Dear Sara: What goes on psychologically that causes people to brag about their relationships and then chastise single friends for wanting the same thing? I’ve read studies before saying that happiness actually causes selfishness, and that if you’re down, it’s best not to talk to a friend who’s very happy with their life because they’re too far removed to be sympathetic.
I was talking to a girlfriend the other night who just got married and was going on about how happy she is, and how she feels like her life has finally started (at 27). She knows I’m older, have been single and have had my heart broken over and over for a very long time. But her attitude towards me: Well, God would never give you more than you can bear. WT-? I’ve had other married friends gloat about their husbands constantly and yet when I say something like, gee, I’d love to have what you have, I get an avalanche of well, you should be happy being single. If you don’t love yourself, you can’t expect anyone else to love you! And so I constantly wonder, what causes this attitude where people are enjoying all the great things about being in a relationship and know their significant other is a major contributor to their personal happiness, yet the attitude seems to be yes, what I have is pretty awesome, but you shouldn’t want it or feel sad you don’t have it as well. It’s bizarre. — C
Dear C: Yes, it is bizarre! As you say, research has found that people who are enjoying good fortune tend to be less sympathetic than those who are having a tougher time. Researchers have speculated that this might be because happy people don’t want to be brought down by others’ misfortune.
I also think that something deeper is at work. If your friends cannot accept that you are just as deserving of a good relationship as they are, if they’re committed to the idea that some psychological issue, rather than dumb luck, is what separates you, then my best guess is that your situation scares them.
One of our deepest cultural myths is that we have complete control over our fates. That’s why cancer survivors are praised for “beating” the disease with their great attitudes but we don’t know quite what to say about those who “lost their battles.” Did they lack character? Did they not try hard enough?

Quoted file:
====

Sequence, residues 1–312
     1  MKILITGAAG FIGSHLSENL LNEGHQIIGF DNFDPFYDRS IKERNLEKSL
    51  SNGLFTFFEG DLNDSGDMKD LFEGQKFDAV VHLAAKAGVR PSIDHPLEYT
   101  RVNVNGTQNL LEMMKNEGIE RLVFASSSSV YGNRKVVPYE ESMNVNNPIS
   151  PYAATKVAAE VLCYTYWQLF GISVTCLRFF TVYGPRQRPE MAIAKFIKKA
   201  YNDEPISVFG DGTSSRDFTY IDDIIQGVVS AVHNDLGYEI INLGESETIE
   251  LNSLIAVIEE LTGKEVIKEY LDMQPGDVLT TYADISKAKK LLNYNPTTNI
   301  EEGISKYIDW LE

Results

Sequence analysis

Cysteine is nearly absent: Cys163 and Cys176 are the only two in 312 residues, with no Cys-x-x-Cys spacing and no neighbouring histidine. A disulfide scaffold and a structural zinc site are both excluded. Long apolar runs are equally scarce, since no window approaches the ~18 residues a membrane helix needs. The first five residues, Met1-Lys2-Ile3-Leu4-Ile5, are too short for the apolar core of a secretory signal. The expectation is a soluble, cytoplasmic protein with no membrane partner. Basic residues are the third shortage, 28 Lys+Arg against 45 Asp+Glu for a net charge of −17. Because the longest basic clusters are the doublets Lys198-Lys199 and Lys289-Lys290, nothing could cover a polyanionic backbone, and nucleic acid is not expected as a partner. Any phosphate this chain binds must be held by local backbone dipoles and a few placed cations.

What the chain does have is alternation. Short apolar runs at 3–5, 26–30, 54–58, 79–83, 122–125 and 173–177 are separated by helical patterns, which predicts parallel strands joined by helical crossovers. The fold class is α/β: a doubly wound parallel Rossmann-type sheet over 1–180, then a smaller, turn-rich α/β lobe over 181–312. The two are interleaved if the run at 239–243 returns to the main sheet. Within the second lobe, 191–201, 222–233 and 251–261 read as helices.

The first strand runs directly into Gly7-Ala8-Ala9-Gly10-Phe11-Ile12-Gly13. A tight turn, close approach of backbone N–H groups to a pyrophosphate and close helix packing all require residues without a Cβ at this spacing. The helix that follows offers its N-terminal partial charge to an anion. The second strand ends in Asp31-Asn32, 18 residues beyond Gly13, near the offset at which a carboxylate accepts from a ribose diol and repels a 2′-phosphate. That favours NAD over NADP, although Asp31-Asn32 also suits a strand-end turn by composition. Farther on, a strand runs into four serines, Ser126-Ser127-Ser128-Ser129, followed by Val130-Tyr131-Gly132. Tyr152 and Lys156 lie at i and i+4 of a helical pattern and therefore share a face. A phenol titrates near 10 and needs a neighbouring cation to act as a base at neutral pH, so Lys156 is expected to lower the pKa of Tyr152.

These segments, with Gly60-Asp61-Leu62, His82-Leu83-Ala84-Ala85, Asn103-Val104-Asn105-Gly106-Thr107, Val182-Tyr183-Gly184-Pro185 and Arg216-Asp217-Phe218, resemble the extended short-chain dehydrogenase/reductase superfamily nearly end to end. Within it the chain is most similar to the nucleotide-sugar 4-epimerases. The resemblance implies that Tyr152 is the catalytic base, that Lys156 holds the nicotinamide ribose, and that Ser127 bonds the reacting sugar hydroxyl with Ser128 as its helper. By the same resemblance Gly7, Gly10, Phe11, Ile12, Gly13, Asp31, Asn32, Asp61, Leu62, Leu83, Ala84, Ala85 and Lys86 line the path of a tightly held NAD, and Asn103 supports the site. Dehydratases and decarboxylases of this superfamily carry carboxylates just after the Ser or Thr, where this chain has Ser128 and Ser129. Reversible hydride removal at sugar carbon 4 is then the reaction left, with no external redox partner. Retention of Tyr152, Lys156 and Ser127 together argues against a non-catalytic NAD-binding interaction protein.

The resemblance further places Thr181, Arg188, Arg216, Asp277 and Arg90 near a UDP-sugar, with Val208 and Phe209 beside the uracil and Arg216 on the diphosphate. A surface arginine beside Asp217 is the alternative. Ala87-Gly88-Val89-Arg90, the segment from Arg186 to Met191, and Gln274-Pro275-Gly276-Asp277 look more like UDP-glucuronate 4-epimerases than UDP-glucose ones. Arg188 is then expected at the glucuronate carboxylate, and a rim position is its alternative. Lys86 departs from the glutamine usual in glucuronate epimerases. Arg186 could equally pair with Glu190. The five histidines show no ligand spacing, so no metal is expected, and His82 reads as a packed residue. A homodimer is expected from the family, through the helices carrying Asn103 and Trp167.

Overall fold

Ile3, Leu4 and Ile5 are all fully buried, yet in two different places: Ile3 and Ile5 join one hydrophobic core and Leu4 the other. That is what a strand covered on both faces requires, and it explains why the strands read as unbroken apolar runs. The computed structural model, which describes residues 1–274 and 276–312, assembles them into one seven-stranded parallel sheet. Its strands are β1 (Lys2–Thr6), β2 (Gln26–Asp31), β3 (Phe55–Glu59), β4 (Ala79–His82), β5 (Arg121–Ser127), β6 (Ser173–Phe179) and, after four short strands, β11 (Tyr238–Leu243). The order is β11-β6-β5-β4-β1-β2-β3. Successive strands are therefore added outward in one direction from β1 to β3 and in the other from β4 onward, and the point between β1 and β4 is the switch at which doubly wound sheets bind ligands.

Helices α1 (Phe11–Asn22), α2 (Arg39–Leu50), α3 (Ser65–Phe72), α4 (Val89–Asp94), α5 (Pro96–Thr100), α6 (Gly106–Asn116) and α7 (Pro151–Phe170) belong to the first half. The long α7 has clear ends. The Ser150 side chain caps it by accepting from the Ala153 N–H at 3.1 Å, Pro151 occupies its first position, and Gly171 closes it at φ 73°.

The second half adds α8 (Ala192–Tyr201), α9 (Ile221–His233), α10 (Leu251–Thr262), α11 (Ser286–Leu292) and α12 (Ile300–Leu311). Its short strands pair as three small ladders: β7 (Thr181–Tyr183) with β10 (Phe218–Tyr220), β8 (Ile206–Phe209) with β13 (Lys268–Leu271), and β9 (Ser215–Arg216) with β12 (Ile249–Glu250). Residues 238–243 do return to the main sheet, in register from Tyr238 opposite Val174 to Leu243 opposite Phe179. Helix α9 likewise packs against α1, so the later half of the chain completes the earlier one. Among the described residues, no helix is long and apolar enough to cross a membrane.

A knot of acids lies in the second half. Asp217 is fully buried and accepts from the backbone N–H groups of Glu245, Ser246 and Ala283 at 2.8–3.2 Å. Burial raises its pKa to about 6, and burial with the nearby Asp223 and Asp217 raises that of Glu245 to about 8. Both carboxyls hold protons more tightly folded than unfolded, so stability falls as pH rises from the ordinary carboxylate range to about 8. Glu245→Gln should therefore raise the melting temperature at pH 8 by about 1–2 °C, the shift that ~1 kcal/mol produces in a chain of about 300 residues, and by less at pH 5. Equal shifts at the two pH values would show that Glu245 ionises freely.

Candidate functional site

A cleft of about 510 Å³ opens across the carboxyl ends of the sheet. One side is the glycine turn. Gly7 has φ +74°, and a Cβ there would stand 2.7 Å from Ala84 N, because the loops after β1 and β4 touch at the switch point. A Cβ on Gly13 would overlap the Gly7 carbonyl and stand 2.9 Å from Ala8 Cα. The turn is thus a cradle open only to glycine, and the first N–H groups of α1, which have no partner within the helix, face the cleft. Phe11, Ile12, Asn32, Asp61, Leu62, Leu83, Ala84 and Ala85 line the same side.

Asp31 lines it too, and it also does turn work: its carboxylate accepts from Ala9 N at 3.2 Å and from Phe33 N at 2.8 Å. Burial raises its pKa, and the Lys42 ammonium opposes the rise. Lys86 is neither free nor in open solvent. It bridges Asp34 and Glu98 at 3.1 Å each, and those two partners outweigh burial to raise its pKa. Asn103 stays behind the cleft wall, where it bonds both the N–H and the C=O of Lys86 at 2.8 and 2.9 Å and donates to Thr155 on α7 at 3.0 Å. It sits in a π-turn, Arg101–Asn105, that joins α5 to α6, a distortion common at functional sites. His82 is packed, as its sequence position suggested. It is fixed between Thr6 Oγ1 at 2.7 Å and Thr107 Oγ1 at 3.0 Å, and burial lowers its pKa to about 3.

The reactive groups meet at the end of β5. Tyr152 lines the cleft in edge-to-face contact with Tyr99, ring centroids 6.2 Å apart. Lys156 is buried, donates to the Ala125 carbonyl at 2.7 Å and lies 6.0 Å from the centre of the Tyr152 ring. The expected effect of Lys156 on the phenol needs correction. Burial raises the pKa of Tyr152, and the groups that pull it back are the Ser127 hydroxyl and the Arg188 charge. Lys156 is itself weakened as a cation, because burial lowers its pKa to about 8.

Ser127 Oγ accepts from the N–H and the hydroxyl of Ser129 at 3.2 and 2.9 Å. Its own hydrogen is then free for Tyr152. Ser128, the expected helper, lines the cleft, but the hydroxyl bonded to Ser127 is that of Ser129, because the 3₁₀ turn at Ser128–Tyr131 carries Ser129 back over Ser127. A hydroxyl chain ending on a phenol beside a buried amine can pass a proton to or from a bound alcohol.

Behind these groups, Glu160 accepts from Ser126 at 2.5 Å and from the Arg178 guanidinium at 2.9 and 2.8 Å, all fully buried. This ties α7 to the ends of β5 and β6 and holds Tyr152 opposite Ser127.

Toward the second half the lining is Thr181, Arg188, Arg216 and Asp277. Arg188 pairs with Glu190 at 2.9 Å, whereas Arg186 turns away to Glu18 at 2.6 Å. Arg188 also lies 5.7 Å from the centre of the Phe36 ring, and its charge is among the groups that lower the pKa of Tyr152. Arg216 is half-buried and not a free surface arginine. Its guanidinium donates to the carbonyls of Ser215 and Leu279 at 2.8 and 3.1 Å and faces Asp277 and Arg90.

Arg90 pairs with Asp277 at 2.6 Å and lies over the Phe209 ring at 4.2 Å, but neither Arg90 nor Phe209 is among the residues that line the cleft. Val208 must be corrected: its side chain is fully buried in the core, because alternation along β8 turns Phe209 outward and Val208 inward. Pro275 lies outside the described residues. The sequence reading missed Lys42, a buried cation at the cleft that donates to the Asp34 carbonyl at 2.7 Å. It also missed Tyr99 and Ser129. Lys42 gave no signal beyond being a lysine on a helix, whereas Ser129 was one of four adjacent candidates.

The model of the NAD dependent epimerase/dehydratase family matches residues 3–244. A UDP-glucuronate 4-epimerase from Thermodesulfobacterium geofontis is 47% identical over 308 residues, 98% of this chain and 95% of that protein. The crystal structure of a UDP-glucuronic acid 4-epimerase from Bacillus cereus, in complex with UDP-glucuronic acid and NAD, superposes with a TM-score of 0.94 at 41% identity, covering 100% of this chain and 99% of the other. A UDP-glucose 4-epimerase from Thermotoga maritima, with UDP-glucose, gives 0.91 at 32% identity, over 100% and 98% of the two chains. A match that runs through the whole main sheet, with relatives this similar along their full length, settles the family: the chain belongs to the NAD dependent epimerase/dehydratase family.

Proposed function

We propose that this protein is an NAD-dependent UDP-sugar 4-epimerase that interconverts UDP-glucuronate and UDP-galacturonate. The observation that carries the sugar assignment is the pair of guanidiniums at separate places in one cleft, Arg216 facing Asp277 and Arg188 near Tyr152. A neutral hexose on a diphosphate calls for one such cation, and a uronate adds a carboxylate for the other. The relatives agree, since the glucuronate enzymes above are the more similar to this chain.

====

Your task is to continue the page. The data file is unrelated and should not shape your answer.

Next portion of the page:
Logically, we know of course not. But many people perpetuate the myth that there is no such thing as luck or chance, because the alternative terrifies them.
When you accept that luck plays a hand in your life’s outcomes, then you also must accept that any happiness you’re enjoying at the moment is on somewhat shaky ground. You have to accept that you don’t have complete control.
People don’t like doing this. So instead, they tell themselves stories about how their hard work and upstanding character are responsible for everything they have. Of course, these things do matter—a lot. They just don’t tell the whole story.
I don’t know you or your friends. Maybe they really are relationship geniuses (though the way they treat you suggests otherwise); maybe you’re commitment-phobic or whatever. But here’s the main thing: It doesn’t matter what they think. I know their attitude can be very hard to take, but you’re probably not going to change their minds.
Here’s what I suggest you do instead: Be the bigger one. See their reaction to your situation for what it (likely) is: a product of their fear. Then try to have compassion for that.
This advice might be annoying—why should you have to have compassion for them? Because it will give you some distance and help you see that just because they have an unfair opinion of you doesn’t mean you have to believe it.
If I wrote to you and said, “Your letter tells me that you are clearly a murderer,” the insult wouldn’t stick. You’d just realize I was nuts and hit close tab.
The accusations that sting are the ones we partly believe ourselves. When I was single, I wasted a lot of breath trying to convince my coupled friends that there was no deep psychological issue preventing me from finding a relationship. But really, I was trying to convince myself. Once I did that, I realized it didn’t matter what anyone else thought. I also realized that arguing my case all the time was not only tiresome to everyone involved, I was also giving other people far too much power. I was appointing them judge and jury and then becoming angry when I thought they got it wrong.
Maybe you’re not doing that. Maybe you’re only lightly mentioning that yeah, having a partner sounds great; I’d like one too. But now that you know they can’t be trusted with such confidences, I suggest you stop. Your friends are infuriating you because they’re acting like authority figures when actually they don’t know what they’re talking about. When you reject their presumed authority—not by arguing but by simply changing the subject—you reclaim your dignity. You also save them from embarrassing themselves with those stupid clichés.
Sara Eckel is the author of It’s Not You: 27 (Wrong) Reasons You’re Single. You can get a free bonus chapter of her book at saraeckel.com. You can also find her on Twitter and Facebook. Ask her any questions here.